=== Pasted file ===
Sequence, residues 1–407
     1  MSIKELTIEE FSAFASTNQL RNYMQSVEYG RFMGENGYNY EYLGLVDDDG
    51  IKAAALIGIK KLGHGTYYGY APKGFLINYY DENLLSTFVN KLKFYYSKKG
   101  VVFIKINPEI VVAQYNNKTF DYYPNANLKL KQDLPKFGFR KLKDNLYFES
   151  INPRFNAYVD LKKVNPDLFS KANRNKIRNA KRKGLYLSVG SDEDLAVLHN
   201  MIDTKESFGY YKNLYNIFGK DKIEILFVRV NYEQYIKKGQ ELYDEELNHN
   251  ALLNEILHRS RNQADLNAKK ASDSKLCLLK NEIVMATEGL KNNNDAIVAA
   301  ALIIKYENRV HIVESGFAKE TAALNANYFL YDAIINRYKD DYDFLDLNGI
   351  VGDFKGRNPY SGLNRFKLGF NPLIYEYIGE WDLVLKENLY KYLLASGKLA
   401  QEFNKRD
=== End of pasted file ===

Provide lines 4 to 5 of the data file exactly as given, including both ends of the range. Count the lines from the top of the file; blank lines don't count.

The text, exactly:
   101  VVFIKINPEI VVAQYNNKTF DYYPNANLKL KQDLPKFGFR KLKDNLYFES
   151  INPRFNAYVD LKKVNPDLFS KANRNKIRNA KRKGLYLSVG SDEDLAVLHN